(C.I.J, Nottebohm case, Judgement of 6 April 1955).
The legal definition of the concept of nationality thus tallies with its sociological meaning; and this emphasises that nationality is to be understood as the state or situation of a person who belongs to a nation. It is, at bottom, a feeling of national belonging which must be effectively present, that is, which must correspond with a factual situation, one resting on greater connection in fact between the person concerned and the state he or she claims to belong to.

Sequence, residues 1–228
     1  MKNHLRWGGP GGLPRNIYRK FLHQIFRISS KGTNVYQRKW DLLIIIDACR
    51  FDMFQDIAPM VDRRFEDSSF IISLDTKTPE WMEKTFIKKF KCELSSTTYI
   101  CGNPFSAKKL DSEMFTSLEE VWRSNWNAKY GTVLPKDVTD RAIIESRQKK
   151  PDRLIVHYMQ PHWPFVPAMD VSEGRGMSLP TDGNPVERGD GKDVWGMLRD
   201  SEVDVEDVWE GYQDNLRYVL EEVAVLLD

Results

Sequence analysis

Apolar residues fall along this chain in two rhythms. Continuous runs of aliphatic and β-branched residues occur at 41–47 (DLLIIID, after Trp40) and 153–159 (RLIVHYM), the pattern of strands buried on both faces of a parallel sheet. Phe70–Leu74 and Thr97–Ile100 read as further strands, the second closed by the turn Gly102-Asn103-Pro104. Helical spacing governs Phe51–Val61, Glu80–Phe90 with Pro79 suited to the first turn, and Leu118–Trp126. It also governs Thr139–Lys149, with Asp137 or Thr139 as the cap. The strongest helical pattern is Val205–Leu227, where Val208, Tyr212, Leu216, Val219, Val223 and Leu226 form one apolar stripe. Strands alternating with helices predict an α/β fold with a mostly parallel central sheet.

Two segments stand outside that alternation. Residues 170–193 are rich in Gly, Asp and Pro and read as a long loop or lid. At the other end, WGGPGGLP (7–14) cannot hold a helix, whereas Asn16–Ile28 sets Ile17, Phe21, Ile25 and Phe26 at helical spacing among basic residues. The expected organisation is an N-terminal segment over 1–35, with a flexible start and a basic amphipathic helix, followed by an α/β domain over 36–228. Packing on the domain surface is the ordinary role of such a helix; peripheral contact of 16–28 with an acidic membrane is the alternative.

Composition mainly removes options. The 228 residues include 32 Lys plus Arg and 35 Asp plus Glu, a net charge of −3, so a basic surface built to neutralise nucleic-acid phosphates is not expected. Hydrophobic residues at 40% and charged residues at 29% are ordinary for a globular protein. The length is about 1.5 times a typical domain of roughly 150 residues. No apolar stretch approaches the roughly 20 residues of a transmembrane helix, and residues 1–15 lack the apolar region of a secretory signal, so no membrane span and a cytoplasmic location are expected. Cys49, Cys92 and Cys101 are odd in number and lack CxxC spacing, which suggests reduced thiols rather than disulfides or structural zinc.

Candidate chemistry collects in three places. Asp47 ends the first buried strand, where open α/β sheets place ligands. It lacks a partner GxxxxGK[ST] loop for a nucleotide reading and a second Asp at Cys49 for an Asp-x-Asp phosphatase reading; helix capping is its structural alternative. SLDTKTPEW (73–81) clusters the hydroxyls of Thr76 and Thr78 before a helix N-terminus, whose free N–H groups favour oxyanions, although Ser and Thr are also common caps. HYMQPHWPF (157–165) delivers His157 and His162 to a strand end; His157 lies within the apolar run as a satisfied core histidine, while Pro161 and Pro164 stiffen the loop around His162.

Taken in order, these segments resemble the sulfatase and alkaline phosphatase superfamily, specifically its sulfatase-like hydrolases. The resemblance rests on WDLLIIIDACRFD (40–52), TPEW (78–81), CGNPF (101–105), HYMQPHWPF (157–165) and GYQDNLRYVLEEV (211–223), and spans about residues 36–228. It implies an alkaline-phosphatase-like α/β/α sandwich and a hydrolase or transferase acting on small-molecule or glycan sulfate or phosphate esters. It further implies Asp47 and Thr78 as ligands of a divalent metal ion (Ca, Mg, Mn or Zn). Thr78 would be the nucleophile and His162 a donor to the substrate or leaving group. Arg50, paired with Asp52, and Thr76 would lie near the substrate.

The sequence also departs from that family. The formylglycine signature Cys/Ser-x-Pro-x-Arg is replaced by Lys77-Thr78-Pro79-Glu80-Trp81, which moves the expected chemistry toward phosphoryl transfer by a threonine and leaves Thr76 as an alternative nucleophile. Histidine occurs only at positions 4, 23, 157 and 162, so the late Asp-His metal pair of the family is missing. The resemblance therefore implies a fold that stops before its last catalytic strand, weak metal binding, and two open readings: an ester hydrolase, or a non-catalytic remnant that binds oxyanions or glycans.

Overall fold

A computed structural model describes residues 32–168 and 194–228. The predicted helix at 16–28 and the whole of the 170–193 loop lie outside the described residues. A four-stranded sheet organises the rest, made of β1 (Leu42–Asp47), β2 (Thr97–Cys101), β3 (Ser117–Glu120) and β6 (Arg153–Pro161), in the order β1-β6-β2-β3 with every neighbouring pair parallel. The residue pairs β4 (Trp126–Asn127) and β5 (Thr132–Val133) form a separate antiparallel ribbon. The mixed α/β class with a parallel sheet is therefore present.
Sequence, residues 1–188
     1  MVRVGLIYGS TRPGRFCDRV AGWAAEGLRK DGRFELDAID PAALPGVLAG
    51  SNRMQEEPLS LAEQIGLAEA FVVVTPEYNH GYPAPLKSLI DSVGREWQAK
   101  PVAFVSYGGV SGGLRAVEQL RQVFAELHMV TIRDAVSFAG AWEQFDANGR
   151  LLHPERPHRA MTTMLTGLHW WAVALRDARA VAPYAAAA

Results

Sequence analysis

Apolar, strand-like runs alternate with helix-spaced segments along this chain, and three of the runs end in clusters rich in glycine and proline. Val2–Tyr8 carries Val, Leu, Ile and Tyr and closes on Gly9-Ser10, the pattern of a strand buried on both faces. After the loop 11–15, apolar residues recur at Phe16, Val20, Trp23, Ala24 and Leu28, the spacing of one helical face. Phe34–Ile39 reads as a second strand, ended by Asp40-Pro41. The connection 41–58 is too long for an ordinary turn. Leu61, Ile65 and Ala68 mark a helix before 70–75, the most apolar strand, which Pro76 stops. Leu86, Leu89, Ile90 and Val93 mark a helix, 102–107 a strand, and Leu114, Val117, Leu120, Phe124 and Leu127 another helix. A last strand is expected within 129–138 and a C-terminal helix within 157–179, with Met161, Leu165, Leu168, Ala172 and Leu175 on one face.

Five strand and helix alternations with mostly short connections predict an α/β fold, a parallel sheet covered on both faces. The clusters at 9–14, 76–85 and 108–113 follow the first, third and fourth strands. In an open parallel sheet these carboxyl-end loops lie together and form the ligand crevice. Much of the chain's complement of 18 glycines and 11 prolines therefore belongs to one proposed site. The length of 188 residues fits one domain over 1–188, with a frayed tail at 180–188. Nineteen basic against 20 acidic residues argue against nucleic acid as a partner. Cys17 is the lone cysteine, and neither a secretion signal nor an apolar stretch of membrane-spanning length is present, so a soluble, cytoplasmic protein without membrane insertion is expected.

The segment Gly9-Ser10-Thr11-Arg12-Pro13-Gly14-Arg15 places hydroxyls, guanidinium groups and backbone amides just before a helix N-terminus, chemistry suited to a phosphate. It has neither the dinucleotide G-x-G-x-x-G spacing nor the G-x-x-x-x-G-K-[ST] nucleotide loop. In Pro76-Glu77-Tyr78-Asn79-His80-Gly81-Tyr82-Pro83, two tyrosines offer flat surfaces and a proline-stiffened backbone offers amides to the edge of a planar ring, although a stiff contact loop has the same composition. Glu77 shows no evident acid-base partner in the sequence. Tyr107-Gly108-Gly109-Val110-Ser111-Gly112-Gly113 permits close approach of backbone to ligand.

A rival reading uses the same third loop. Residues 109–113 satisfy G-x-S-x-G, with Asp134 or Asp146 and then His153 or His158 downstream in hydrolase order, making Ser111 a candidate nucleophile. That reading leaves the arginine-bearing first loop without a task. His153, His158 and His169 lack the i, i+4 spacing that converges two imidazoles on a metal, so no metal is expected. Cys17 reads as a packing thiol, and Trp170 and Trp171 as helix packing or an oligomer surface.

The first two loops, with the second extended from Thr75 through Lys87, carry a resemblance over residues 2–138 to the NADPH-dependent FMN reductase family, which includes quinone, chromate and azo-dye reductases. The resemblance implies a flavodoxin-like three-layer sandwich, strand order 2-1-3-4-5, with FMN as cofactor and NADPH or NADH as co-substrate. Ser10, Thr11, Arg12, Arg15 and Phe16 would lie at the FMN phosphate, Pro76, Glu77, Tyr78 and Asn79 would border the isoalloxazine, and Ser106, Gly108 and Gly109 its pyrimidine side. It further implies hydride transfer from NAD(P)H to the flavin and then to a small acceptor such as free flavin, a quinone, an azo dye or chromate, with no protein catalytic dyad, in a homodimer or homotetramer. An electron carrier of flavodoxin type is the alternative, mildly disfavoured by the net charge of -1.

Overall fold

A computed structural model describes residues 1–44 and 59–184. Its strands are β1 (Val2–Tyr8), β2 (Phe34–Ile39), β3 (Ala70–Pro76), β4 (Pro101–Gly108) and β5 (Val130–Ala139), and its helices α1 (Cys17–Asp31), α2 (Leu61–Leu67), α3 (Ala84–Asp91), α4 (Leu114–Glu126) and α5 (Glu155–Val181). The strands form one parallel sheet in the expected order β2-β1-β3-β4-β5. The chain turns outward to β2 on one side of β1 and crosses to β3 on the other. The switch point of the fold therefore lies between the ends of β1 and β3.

The dialectical relationship between peace and nationality in Congo-ZaiÌˆre is instanced by the case of those who took it upon themselves, in 1977, to announce that they were thenceforward to be known as â€œBanyamulengeÌâ€. The name comes in fact from that of the name of the Fuliiru village where the first group of migrant Tutsi settled in 1924, before their dispersion on the high plateaux of Southern Kivu where they were joined, between 1959 and 1962, by successive waves of Tutsi refugees fleeing from Hutu persecution. In other words, whatever may have been written or read to the contrary in this place or that, the â€œBanyamulengeÌâ€ do not constitute an ethnic group or tribe originating within Congo- ZaiÌˆre. In the Kinyarwanda language, â€œBanyamulengeÌâ€ simply means â€œinhabitants of Mulengeâ€.